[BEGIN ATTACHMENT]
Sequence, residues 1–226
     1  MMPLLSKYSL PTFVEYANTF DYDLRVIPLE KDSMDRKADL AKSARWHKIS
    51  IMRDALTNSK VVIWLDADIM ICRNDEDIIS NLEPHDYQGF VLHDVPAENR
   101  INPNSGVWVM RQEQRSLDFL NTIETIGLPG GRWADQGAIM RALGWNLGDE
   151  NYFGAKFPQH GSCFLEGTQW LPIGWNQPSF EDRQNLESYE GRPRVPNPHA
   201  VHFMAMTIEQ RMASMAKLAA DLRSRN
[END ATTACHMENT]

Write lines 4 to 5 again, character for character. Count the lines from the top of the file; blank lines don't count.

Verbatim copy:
   101  INPNSGVWVM RQEQRSLDFL NTIETIGLPG GRWADQGAIM RALGWNLGDE
   151  NYFGAKFPQH GSCFLEGTQW LPIGWNQPSF EDRQNLESYE GRPRVPNPHA